Know your audience inside out
If you are currently looking for a brand name idea, chances are you are at the very beginning of your entrepreneurial journey and your customer base is not yet too big.
There are different strategies you can use to find out more about your audience, depending on the information you are looking for. Indeed, acquiring the demographics of your target audience will require a different strategy than finding out the real reason why your clients would/will use your services.
The first type of information listed above is relatively easy to find, and there are three strategies you can use to find out the age, gender, mother tongue, and location of your customers:
The first one is simple: just talk to your first customers and determine your personas on the basis of these conversations. It is common for the founder of a company to develop a special relationship with his or her first customers because they are testing a product or service that is still in its infancy and their feedback enables the entrepreneur to improve his or her offer. It is, therefore, an advantage to you to talk to your first customers, as this will give you valuable information and allow you to develop a strong relationship with them.
Tip: developing a strong relationship with your early adopters will allow you to make them your first brand ambassadors, and if you take care of them, they could become one of your best assets in your brand-building efforts 🔥
The second strategy will require you to already have a small community. Specifically, if you have a Facebook page, knowing the demographics of your users is a breeze. Just fo the “Statistics” tab and click on “People” (‘Vos fans” in the image below) to see all the demographics of your audience: age, gender, location, language spoken.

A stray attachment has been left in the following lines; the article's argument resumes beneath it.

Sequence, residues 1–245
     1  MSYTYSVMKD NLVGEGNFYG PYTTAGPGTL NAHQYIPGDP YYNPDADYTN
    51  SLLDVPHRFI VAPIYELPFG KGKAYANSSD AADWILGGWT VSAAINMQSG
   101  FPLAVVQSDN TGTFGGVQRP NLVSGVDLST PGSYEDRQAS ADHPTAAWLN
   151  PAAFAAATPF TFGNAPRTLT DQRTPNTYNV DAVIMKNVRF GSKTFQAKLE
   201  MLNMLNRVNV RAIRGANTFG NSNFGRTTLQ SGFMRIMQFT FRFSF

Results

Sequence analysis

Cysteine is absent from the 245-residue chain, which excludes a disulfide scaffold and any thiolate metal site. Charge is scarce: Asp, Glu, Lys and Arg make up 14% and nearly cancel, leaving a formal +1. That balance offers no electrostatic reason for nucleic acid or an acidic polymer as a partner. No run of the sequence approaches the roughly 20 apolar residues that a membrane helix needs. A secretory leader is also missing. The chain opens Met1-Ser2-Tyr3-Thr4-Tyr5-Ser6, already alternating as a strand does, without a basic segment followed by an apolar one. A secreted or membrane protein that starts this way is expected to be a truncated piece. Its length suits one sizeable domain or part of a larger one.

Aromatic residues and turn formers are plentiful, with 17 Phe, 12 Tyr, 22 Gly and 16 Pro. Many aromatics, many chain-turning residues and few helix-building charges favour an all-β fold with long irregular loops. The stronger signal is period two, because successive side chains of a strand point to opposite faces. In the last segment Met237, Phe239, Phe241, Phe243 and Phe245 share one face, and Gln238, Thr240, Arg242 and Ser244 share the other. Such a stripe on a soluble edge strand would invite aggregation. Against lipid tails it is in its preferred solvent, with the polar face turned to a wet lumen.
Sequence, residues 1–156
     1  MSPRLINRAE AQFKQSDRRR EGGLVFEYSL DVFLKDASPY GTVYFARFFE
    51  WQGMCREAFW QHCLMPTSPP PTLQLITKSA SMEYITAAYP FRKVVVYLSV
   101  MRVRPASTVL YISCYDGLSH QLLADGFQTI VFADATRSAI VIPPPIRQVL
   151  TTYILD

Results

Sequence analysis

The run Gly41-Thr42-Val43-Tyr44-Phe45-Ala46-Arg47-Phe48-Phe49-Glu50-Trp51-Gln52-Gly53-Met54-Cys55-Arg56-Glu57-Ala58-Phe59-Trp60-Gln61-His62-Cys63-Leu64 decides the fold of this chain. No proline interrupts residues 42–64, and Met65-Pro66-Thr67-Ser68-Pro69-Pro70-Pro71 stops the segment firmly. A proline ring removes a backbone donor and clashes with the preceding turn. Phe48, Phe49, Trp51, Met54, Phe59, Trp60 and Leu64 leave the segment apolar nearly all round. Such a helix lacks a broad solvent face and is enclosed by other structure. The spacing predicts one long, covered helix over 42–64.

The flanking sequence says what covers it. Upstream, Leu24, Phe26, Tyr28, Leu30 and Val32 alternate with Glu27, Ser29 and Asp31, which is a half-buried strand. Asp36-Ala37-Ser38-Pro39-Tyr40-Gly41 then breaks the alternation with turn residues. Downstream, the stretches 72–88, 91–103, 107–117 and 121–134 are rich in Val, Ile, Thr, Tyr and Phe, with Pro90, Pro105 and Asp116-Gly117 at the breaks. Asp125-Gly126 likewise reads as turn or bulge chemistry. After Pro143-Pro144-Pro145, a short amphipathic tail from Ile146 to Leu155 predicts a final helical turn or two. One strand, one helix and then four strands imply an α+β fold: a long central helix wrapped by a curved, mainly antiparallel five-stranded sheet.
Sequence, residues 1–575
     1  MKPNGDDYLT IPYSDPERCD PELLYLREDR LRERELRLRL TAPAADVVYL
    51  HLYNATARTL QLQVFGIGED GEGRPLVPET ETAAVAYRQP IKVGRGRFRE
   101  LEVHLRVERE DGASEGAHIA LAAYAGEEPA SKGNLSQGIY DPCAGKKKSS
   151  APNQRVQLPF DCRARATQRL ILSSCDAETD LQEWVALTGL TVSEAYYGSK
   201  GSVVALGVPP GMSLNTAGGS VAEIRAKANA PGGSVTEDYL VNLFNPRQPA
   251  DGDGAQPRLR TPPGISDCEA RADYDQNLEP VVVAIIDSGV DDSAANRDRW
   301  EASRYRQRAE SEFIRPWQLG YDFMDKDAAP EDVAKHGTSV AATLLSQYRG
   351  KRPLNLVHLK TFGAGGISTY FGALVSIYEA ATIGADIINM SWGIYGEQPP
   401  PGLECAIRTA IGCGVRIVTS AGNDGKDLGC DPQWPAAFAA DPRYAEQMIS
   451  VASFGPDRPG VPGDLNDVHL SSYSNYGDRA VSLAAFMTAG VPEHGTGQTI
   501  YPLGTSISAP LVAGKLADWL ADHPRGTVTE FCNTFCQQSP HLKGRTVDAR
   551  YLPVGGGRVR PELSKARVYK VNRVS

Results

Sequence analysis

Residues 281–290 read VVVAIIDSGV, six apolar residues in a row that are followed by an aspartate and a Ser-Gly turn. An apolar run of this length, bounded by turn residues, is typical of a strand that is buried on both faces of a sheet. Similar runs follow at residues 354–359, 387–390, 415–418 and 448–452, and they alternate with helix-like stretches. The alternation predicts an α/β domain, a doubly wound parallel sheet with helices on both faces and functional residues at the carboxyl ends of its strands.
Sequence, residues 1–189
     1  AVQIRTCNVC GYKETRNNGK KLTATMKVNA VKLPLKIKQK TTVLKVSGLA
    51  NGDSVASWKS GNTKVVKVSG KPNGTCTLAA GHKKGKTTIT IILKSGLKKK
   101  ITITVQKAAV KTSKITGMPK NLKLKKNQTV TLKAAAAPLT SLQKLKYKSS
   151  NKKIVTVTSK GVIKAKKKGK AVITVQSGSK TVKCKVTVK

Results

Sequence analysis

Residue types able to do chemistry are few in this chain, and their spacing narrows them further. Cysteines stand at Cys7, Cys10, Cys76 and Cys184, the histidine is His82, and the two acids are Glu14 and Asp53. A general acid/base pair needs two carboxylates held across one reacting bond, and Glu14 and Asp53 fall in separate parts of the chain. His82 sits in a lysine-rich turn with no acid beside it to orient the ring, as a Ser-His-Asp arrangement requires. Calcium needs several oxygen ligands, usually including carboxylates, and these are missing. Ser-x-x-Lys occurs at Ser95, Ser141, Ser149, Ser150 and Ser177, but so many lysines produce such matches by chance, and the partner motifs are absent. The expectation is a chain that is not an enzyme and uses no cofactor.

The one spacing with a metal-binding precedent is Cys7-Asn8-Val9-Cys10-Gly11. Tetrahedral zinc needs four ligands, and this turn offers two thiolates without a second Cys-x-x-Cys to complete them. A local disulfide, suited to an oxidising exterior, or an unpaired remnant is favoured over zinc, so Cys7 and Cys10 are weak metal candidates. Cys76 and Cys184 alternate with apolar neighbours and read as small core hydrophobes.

We can see here that the majority of the audience of this Facebook page is made up of men (hommes) and women (femmes) between 25 and 34, and that they are mainly based in Brussels (Bruxelles). The power of this tool lies in the fact that in just 2 clicks you can get a better idea of the audience you are addressing, which allows you to adapt your speech according to this information, and therefore be more effective.
The only problem with this second strategy is that it requires you to already have a small community, and therefore to already have an established name to create your Facebook page. But you are in the process of choosing your name. How do you solve this paradox?
The third strategy will not only allow you to get to know your existing audience better but will also help it to grow by allowing you to acquire a maximum number of e-mail addresses and therefore potential customers. The idea is as follows, and we will illustrate it with a specific case:
Charles.co is an online service that aims to digitalise men’s health. In short, men can go to this platform, describe their symptoms, receive an online consultation with one of Charles’ partnering doctors, and receive their treatment by post. The question for the two founders of the company is ‘how to develop their customer base and make themselves known’.
The two founders put a quirky questionnaire online on the subject of men’s heath, and added two very important elements.
Firstly, the questionnaire was gasified. This means that there was a scoring system associated with it, and respondents were encouraged to challenge their friends to see who knew the most about men’s health. As the questions were child-friendly, respondents shared the questionnaire with they friends without any hesitation. This gave the two founders a large number of respondents and therefore potential customers.